Mutations in Three Genes Encoding Proteins Involved in Hair Shaft Formation Cause Uncombable Hair Syndrome.
Ü Basmanav FB., Cau L., Tafazzoli A., Méchin M-C., Wolf S., Romano MT., Valentin F., Wiegmann H., Huchenq A., Kandil R., Garcia Bartels N., Kilic A., George S., Ralser DJ., Bergner S., Ferguson DJP., Oprisoreanu A-M., Wehner M., Thiele H., Altmüller J., Nürnberg P., Swan D., Houniet D., Büchner A., Weibel L., Wagner N., Grimalt R., Bygum A., Serre G., Blume-Peytavi U., Sprecher E., Schoch S., Oji V., Hamm H., Farrant P., Simon M., Betz RC.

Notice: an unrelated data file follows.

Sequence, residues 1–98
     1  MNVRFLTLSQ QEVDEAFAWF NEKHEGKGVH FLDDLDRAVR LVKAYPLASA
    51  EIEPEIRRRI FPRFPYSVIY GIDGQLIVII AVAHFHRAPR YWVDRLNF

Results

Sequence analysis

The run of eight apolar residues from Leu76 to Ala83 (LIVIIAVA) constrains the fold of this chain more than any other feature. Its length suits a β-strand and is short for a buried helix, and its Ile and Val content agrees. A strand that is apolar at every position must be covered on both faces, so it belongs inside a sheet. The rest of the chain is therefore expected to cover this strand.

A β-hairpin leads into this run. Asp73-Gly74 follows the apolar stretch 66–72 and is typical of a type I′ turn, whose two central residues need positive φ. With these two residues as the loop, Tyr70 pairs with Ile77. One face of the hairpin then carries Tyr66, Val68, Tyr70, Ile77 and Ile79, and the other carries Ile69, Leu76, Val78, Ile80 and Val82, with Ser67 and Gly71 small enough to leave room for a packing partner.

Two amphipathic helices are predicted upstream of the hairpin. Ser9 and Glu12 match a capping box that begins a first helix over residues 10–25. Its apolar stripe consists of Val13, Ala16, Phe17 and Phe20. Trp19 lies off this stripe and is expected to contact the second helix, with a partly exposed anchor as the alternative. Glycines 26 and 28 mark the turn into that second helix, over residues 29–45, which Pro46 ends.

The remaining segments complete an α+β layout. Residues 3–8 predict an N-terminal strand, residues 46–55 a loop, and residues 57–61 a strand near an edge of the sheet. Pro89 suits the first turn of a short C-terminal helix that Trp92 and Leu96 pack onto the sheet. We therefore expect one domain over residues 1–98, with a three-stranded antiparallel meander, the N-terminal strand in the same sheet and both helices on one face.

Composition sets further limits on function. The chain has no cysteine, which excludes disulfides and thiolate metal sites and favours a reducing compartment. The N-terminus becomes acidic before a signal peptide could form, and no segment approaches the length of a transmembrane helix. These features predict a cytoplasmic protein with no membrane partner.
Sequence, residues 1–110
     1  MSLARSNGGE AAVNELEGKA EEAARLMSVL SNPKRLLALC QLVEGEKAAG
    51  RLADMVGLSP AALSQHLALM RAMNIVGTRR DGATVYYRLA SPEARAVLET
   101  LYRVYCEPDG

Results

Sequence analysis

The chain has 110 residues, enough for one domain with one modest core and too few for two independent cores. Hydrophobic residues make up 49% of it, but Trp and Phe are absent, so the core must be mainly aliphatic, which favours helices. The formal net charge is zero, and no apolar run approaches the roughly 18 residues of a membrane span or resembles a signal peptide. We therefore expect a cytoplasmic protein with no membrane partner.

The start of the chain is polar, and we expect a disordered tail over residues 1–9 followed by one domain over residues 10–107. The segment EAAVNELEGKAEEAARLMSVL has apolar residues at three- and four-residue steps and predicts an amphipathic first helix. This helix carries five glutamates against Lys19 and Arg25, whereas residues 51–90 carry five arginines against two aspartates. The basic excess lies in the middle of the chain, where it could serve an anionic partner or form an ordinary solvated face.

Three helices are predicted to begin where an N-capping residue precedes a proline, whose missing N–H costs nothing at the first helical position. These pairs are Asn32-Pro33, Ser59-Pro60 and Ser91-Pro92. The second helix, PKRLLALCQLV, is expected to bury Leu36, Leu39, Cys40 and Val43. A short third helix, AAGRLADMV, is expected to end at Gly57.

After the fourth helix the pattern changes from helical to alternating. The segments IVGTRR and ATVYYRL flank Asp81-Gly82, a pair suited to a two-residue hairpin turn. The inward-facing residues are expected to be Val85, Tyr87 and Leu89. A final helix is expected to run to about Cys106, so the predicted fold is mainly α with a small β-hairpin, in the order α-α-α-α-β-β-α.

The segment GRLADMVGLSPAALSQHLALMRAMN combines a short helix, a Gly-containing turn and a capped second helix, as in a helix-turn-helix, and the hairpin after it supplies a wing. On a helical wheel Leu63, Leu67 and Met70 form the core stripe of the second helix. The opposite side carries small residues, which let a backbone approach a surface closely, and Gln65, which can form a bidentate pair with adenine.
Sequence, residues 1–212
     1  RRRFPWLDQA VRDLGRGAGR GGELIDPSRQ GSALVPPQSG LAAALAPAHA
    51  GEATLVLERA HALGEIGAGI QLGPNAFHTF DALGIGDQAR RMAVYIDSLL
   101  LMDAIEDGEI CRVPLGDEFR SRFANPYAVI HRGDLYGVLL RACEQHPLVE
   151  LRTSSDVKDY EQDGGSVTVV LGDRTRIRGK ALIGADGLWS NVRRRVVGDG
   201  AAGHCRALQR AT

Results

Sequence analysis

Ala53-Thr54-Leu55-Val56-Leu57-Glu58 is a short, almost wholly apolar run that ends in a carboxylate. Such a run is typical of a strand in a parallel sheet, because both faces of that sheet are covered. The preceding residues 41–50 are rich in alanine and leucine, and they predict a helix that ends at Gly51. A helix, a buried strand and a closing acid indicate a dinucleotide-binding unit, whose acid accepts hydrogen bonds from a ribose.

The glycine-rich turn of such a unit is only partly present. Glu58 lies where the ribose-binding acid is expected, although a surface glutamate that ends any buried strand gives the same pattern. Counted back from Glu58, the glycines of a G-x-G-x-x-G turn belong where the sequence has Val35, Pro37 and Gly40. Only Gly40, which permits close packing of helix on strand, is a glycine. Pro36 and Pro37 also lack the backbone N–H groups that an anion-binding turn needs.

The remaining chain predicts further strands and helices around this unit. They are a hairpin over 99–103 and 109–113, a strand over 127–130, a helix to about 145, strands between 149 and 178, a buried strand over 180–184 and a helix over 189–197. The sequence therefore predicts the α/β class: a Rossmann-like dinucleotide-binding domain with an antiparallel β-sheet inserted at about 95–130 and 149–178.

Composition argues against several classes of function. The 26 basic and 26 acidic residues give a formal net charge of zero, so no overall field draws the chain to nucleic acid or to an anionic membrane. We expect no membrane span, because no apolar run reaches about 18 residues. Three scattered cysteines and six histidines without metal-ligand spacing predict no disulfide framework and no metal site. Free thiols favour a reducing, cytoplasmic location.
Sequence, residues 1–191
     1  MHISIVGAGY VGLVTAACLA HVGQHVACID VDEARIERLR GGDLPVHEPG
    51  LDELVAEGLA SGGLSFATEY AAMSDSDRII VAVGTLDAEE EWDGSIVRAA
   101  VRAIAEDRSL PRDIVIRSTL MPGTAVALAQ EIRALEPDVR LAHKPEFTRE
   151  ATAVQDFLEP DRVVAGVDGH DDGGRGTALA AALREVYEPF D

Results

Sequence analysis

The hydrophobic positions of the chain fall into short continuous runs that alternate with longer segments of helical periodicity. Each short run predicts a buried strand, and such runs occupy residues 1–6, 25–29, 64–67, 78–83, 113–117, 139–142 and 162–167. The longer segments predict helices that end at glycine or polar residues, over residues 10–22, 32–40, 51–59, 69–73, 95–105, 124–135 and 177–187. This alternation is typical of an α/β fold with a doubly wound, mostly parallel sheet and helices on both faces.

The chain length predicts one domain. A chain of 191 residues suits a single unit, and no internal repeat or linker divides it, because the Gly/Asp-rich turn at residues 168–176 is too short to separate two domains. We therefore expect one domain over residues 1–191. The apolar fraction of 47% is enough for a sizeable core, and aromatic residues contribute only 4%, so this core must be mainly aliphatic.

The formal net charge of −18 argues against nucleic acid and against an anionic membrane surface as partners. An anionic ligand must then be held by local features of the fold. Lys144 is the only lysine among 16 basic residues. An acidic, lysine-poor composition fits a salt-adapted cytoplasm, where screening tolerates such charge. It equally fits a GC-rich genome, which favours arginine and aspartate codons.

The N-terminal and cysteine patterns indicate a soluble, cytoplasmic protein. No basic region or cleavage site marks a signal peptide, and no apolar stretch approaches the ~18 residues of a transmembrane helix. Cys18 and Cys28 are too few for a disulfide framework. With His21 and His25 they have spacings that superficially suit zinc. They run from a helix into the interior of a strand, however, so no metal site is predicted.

Uncombable hair syndrome (UHS), also known as "spun glass hair syndrome," "pili trianguli et canaliculi," or "cheveux incoiffables" is a rare anomaly of the hair shaft that occurs in children and improves with age. UHS is characterized by dry, frizzy, spangly, and often fair hair that is resistant to being combed flat. Until now, both simplex and familial UHS-affected case subjects with autosomal-dominant as well as -recessive inheritance have been reported. However, none of these case subjects were linked to a molecular genetic cause. Here, we report the identification of UHS-causative mutations located in the three genes PADI3 (peptidylarginine deiminase 3), TGM3 (transglutaminase 3), and TCHH (trichohyalin) in a total of 11 children. All of these individuals carry homozygous or compound heterozygous mutations in one of these three genes, indicating an autosomal-recessive inheritance pattern in the majority of UHS case subjects. The two enzymes PADI3 and TGM3, responsible for posttranslational protein modifications, and their target structural protein TCHH are all involved in hair shaft formation. Elucidation of the molecular outcomes of the disease-causing mutations by cell culture experiments and tridimensional protein models demonstrated clear differences in the structural organization and activity of mutant and wild-type proteins. Scanning electron microscopy observations revealed morphological alterations in hair coat of Padi3 knockout mice. All together, these findings elucidate the molecular genetic causes of UHS and shed light on its pathophysiology and hair physiology in general.